THE WHOLE PARTY were in hopes of a letter from Mr. Bennet the next morning, but the post came in without bringing a single line from him. His family knew him to be a most negligent and dilatory correspondent; but at such a time they had hoped for exertion. They were forced to conclude that he had no pleasing intelligence to send; but even of that they would have been glad to be certain. Mr. Gardiner had waited only for the letters before he set off, with three hired men and their guns as his companions and guarantors of expeditious passage.
Mrs. Gardiner and the children were to remain in Hertfordshire a few days longer, as the former thought her presence might be serviceable to her nieces. She shared in their attendance on Mrs. Bennet, and was a great comfort to them in their hours of freedom. Their other aunt also visited them frequently, and always, as she said, with the design of cheering and heartening them up-though, as she never came without reporting some fresh instance of Wickham’s leaving this bill or that bastard child, she seldom went away without leaving them more dispirited than she found them.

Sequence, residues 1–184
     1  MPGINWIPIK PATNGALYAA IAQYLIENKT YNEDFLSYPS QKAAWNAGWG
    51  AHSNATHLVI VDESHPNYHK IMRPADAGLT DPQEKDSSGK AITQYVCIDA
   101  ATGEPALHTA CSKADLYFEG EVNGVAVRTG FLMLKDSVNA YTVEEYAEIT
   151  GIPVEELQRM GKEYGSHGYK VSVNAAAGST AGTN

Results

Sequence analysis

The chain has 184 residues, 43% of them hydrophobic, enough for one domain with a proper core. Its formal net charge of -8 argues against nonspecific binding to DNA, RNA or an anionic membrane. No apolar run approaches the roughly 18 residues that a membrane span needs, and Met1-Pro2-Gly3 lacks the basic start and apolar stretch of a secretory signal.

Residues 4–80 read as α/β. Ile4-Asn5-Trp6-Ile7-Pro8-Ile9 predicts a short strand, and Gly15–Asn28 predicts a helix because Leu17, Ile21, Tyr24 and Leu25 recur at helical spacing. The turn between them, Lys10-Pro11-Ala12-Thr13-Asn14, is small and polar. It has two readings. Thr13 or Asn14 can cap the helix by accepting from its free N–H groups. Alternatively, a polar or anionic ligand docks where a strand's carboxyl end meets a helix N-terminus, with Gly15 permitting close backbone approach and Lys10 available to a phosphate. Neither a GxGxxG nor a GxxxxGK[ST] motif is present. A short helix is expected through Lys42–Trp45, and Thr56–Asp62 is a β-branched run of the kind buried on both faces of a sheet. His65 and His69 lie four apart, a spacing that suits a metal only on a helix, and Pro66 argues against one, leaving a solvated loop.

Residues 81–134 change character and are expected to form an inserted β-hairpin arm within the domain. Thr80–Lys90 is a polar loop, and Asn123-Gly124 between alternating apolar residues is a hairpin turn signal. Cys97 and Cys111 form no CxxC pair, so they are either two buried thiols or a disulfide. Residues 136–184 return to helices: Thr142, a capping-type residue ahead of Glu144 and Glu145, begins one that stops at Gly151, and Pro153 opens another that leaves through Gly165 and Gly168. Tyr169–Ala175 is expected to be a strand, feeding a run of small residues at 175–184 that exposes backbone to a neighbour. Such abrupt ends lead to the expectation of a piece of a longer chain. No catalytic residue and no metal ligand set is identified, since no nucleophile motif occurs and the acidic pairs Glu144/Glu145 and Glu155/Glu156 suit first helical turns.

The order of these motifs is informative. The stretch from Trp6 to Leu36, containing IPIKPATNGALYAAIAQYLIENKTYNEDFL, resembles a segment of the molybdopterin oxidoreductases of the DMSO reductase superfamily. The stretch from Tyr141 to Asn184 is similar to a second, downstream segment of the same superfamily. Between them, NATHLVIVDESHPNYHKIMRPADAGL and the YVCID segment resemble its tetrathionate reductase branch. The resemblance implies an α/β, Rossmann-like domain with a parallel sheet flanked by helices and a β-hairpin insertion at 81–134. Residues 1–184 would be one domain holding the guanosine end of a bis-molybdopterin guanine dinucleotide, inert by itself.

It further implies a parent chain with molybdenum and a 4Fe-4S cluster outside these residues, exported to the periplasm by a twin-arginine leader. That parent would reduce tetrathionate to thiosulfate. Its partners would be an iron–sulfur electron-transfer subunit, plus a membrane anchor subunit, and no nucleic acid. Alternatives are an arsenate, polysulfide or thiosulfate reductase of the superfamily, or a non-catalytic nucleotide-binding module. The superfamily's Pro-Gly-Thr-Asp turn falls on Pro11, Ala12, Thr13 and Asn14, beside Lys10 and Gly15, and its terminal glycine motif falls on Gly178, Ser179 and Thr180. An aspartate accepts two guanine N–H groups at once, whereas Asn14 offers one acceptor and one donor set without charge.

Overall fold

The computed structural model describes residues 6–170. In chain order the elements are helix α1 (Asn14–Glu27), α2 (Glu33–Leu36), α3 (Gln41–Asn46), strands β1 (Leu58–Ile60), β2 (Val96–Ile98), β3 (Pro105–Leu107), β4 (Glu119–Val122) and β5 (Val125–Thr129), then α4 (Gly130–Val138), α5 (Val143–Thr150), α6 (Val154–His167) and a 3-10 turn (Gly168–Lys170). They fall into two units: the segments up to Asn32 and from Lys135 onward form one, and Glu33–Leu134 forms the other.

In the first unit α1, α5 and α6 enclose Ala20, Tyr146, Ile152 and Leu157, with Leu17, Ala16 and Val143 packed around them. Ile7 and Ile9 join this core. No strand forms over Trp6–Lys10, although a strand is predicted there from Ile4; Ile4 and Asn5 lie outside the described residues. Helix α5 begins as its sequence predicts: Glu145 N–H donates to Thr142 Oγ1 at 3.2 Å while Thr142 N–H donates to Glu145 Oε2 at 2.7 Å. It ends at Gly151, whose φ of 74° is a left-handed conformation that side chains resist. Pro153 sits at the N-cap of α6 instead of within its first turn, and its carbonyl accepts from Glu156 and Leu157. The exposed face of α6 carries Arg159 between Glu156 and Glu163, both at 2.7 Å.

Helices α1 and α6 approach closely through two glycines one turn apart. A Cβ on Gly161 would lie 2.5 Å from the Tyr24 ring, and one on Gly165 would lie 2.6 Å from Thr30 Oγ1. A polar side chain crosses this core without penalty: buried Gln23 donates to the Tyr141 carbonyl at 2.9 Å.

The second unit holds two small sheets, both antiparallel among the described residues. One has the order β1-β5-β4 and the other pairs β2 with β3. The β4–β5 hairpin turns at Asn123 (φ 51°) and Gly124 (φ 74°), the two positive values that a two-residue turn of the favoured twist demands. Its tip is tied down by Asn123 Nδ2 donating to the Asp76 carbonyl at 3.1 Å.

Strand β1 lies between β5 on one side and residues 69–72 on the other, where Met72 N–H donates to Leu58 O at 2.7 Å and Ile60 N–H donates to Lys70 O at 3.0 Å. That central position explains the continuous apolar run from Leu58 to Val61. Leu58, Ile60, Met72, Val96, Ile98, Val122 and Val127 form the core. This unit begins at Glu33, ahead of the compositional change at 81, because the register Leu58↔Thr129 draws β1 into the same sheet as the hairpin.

All Meryton seemed striving to blacken the man who, but three months before, had been hailed as “more praiseworthy than Christ himself.” He was declared to be in debt to every tradesman in the place, and his intrigues, all honoured with the title of seduction, had been extended into every tradesman’s family. Everybody declared that he was the wickedest young man in the world; and everybody began to find out that they had always distrusted the appearance of his goodness. Elizabeth, though she did not credit above half of what was said, believed enough to make her former assurance of her sister’s ruin more certain; and even Jane, who believed still less of it, became almost hopeless, more especially as the time was now come when, if they had been married, they must in all probability have gained some news of it.